Income Tax Exemption for Charities
20 November 2019
Charitable groups, please take note - legislative change to apply from 1 April 2020 (for standard balance dates)
Registered charities carrying out their charitable purpose in New Zealand are exempt from income tax on their business profits; under current legislation this exemption also extends to business profits of an entity that is carried on for the benefit of the registered charity.
This extension of tax-free status would ordinarily apply to a company that is wholly-owned by a registered charity (perhaps a trust). In this case, the current position would not require the company to be registered as a charity in its own right for the exemption to apply; effectively the concessionary treatment passes down from the charitable trustee owner.
This treatment has been met with uneasiness from the policy makers that, due to the wide drafting of the business income exemption, entities could take advantage of the concessionary treatment without being subject to the reporting obligations imposed on registered charities (in accordance with the Charities Act 2005).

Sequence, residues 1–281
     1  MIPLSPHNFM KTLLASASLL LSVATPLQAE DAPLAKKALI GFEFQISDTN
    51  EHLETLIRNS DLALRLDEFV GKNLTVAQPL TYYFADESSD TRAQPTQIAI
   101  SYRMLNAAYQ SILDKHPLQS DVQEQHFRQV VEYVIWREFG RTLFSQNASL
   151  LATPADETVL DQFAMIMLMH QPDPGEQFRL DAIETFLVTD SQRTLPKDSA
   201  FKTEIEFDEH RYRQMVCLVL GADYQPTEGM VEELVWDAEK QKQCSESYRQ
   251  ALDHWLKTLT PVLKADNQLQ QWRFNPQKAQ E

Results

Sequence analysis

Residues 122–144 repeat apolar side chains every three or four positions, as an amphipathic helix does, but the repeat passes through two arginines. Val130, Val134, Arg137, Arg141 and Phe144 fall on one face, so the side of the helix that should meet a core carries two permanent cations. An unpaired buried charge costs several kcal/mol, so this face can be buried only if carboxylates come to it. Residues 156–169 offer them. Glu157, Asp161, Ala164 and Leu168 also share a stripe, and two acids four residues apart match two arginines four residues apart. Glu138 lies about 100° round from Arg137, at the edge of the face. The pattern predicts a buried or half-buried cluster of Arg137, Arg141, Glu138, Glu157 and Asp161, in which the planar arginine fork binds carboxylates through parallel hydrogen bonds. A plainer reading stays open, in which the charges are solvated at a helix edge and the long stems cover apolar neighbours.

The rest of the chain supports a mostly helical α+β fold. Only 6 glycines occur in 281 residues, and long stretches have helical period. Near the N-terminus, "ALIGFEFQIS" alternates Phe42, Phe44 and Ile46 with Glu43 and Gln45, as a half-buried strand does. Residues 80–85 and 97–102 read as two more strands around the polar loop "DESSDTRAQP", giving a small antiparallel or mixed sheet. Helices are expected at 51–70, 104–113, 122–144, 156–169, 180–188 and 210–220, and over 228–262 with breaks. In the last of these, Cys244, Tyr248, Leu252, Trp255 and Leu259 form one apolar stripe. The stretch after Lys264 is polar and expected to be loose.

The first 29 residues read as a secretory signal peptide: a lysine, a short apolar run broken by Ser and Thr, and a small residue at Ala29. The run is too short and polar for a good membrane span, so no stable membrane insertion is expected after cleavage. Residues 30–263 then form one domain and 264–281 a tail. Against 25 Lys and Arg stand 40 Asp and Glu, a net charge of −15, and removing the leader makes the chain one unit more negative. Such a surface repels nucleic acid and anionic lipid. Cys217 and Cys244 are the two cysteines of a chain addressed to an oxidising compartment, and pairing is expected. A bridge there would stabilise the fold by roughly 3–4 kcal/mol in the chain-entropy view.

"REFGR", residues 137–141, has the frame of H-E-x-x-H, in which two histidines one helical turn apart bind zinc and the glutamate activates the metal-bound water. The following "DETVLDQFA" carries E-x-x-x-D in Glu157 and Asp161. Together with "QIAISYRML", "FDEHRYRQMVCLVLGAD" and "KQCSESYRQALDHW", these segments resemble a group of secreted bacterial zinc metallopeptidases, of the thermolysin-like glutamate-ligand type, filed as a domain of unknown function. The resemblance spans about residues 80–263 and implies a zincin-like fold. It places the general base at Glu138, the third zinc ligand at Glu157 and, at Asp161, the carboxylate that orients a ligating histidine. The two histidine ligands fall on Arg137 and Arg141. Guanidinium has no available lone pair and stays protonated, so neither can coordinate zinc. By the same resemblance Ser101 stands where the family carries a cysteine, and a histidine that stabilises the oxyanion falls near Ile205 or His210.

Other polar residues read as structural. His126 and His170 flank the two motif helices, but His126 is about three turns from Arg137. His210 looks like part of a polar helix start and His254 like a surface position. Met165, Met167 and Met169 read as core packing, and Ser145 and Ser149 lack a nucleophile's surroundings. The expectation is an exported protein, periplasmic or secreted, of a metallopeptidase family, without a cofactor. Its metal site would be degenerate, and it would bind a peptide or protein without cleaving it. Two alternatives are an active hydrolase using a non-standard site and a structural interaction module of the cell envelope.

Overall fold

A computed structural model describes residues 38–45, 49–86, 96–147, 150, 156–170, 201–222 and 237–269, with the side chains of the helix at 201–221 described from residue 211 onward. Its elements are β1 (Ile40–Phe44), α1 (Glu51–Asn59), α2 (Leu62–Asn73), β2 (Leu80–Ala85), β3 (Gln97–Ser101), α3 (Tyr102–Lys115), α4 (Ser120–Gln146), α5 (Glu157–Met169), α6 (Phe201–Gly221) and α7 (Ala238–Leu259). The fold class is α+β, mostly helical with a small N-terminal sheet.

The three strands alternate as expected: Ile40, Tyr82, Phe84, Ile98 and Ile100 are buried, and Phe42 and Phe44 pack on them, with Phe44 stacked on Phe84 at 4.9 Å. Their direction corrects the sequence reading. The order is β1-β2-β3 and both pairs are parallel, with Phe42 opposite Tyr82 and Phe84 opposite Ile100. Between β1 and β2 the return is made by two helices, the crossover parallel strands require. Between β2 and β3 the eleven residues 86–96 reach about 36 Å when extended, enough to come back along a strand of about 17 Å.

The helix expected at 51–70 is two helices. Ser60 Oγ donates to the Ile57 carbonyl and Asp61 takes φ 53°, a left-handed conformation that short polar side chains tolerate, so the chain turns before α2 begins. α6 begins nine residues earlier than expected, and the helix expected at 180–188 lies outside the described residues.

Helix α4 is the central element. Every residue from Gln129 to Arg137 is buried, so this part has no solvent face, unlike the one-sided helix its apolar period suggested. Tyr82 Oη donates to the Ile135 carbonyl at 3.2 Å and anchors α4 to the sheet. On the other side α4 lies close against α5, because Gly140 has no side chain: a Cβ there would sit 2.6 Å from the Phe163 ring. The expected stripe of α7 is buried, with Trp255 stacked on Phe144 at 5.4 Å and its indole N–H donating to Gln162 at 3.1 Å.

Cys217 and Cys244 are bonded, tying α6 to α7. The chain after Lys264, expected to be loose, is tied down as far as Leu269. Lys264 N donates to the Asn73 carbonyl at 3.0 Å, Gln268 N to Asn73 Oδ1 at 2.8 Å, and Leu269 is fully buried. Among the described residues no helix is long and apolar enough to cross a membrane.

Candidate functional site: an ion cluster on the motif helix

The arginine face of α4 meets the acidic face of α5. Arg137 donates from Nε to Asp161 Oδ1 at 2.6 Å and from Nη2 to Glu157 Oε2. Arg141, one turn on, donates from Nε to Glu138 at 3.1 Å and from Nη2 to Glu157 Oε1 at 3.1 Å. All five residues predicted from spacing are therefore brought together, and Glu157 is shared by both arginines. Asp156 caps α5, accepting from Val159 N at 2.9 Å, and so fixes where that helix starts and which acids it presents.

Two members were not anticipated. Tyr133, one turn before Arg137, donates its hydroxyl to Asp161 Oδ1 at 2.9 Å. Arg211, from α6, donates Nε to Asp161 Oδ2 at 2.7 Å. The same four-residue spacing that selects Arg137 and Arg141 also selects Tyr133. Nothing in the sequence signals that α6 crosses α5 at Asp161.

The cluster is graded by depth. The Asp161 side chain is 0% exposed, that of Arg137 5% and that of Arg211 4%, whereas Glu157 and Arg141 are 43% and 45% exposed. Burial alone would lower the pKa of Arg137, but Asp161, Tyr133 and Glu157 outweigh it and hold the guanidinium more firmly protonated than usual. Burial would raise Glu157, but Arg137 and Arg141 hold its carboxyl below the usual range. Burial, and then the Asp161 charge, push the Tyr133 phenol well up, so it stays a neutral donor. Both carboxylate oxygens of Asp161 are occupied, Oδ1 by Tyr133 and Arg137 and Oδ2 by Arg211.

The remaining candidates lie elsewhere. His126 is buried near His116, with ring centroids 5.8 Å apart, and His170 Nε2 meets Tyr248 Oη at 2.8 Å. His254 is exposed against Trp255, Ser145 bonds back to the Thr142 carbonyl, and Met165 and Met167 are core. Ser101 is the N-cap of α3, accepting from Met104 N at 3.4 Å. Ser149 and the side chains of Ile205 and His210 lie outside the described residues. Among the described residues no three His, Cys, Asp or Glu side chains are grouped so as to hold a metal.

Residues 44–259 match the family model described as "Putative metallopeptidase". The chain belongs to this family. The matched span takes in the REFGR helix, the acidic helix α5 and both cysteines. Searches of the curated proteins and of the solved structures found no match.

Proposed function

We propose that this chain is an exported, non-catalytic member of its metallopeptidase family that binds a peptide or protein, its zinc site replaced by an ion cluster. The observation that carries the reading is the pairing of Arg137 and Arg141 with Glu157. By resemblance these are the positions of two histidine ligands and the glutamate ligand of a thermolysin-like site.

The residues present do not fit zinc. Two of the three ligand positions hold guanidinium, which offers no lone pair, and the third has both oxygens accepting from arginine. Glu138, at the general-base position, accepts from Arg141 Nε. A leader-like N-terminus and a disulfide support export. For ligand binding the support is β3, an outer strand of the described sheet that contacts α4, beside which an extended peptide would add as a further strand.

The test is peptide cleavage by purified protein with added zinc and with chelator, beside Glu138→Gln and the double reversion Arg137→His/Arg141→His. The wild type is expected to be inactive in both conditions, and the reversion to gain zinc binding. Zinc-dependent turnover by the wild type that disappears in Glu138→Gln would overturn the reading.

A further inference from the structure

The Government has confirmed that this is not as intended and is concerned with maintaining the public’s trust and confidence in the charitable sector. As a response, the business income exemption is therefore amended to apply only to entities which are registered charities and explicitly makes reference as such. The amendment applies from the commencement of the 2020/21 income year, i.e. 1 April 2020 for those reporting to a standard balance date (31 March).
It is therefore crucial, if you were previously relying upon another party’s charitable registration for tax-free status, to register the entity itself under the Charities Act 2005 before the relevant commencement date. Failure to register will result in the exemption from income tax no longer applying.
In our experience this legislative change will largely impact upon charitable trusts with sole ownership in companies that undertake business activities; although of course it may be felt more widely.
Please contact your local BDO adviser if you have any questions about how the new legislation will apply to you.